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dc.contributor.authorCullen, Ross
dc.contributor.authorHughey, Kenneth F. D.
dc.contributor.authorKerr, Geoffrey N.
dc.contributor.authorMemon, A.
dc.date.accessioned2008-12-16T02:06:05Z
dc.date.issued2000-12
dc.identifier.issn1170-7682en
dc.identifier.urihttps://hdl.handle.net/10182/753
dc.description.abstractNew Zealand has the world's fourth largest Exclusive Economic Zone and a very large commercial fishery. Arguably this fishery is one of the best managed in the world. Nevertheless, many problems remain to be solved, especially environmental problems. Many of these problems can be categorised as externalities from commercial fishing. We (Hughey et al. 2000) have identified a wide range of policy instruments which can be applied to the internalisation of these externalities. In this report we identify criteria against which each of these instruments should be evaluated before it is considered for implementation. The criteria are environmental, Treaty of Waitangi, socio-economic, recreational and management, respectively. We then evaluate the effectiveness of chosen instruments against these criteria. All of these tools can be used to enhance decision making in fisheries management and a framework for this decision making is proposed.en
dc.format.extent1-52en
dc.language.isoen
dc.publisherLincoln University. Agribusiness and Economics Research Unit
dc.relationThe original publication is available from - Lincoln University. Agribusiness and Economics Research Unit - http://hdl.handle.net/10182/753en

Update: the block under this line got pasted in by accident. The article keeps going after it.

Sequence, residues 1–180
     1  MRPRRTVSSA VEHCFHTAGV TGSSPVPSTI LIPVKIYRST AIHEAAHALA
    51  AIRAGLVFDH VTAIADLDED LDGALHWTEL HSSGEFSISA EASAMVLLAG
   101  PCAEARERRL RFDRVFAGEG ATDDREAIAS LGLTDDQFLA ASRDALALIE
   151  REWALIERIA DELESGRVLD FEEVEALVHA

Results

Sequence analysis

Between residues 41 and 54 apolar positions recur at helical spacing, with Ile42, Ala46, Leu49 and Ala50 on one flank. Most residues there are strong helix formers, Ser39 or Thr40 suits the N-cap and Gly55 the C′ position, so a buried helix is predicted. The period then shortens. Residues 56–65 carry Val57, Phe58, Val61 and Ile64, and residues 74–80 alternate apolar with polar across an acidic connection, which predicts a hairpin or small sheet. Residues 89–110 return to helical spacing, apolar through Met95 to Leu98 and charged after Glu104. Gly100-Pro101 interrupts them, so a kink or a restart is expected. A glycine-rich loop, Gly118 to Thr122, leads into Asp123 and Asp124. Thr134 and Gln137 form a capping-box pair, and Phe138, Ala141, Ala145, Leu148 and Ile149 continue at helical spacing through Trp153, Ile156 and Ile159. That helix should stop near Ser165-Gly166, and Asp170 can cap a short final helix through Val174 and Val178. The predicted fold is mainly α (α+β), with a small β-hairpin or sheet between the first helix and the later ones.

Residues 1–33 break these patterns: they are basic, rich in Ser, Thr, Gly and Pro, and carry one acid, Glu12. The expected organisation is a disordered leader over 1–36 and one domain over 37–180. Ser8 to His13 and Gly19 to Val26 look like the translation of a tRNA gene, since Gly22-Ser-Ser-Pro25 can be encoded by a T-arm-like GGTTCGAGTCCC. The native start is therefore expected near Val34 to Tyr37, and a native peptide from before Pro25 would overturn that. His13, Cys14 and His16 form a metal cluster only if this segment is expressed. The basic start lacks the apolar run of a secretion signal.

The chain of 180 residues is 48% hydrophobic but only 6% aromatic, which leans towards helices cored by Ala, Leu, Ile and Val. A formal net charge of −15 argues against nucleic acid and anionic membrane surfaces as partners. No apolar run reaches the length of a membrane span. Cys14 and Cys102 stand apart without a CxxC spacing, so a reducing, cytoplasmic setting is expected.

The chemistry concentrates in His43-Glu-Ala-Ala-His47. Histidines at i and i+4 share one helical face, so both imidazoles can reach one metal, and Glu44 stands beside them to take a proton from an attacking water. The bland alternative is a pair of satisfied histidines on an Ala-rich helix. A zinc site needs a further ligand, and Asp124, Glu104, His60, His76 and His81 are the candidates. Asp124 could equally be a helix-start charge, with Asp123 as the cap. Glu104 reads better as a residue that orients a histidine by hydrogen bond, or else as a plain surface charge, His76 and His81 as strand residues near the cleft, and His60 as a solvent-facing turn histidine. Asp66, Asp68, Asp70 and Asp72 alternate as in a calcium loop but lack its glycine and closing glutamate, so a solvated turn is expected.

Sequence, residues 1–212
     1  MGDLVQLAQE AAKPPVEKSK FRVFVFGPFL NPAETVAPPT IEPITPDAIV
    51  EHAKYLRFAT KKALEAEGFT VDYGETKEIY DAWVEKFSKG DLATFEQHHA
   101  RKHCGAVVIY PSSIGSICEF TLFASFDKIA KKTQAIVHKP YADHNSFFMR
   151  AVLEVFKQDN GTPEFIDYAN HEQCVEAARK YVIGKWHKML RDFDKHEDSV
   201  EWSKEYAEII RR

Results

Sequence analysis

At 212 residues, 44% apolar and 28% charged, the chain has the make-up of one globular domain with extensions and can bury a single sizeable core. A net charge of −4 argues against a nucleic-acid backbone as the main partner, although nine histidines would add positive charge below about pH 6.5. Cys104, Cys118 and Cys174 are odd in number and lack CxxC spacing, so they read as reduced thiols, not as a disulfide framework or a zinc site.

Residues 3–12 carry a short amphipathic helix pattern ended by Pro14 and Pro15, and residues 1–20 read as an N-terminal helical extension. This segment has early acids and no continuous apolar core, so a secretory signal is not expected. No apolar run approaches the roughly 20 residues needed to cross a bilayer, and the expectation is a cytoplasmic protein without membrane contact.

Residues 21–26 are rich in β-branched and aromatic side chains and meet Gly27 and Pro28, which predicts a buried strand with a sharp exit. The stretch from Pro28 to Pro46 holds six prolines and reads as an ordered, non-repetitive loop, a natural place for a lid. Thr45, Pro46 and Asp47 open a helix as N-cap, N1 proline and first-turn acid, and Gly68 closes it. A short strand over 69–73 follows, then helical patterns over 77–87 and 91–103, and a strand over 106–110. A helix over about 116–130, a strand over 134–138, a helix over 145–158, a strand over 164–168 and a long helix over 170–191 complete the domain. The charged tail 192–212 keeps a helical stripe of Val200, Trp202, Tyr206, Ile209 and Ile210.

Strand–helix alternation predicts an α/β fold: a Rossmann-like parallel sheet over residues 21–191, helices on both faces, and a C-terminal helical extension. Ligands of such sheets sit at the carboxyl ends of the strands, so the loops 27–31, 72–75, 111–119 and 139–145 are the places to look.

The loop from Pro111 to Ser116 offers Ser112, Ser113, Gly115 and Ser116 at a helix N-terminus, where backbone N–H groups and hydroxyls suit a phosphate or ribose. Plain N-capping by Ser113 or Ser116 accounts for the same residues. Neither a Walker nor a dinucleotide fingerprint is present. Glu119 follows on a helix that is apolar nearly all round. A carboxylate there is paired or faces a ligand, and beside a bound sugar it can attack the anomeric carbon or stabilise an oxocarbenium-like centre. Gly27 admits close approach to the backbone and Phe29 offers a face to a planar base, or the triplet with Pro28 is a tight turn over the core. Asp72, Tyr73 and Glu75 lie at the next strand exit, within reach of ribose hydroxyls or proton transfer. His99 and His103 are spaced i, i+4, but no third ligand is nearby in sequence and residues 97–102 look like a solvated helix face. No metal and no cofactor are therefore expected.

dc.relation.ispartofseriesAERU Research Reporten
dc.subjectfisheriesen
dc.subjectenvironmental issuesen
dc.subjecteconomic issuesen
dc.subjectexternalitiesen
dc.subjectmarine fishery managementen
dc.titleCriteria to evaluate the application of policy instruments designed to internalise externalities from commercial fisheries : report to Ministry of Fisheriesen
dc.typeMonograph
dc.subject.marsdenFields of Research::340000 Economics::340200 Applied Economics::340202 Environment and resource economics
lu.contributor.unitLincoln University
lu.contributor.unitFaculty of Agriculture and Life Sciences
lu.contributor.unitFaculty of Agribusiness and Commerce
lu.contributor.unitDepartment of Financial and Business Systems
lu.contributor.unitFaculty of Environment, Society and Design
lu.contributor.unitDepartment of Environmental Management
dc.subject.anzsrc140201 Agricultural Economicsen
pubs.editionResearch Report No. 250en
pubs.organisational-group/LU
pubs.organisational-group/LU/Agriculture and Life Sciences
pubs.organisational-group/LU/Faculty of Agribusiness and Commerce
pubs.organisational-group/LU/Faculty of Agribusiness and Commerce/FABS
pubs.organisational-group/LU/Faculty of Environment, Society and Design
pubs.organisational-group/LU/Faculty of Environment, Society and Design/DEM
pubs.organisational-group/LU/Research Management Office
pubs.organisational-group/LU/Research Management Office/QE18
pubs.publication-statusPublisheden
pubs.publisher-urlhttp://hdl.handle.net/10182/753en
dc.publisher.placeLincoln, Canterburyen
lu.identifier.orcid0000-0002-1659-5331
lu.identifier.orcid0000-0002-5806-1944


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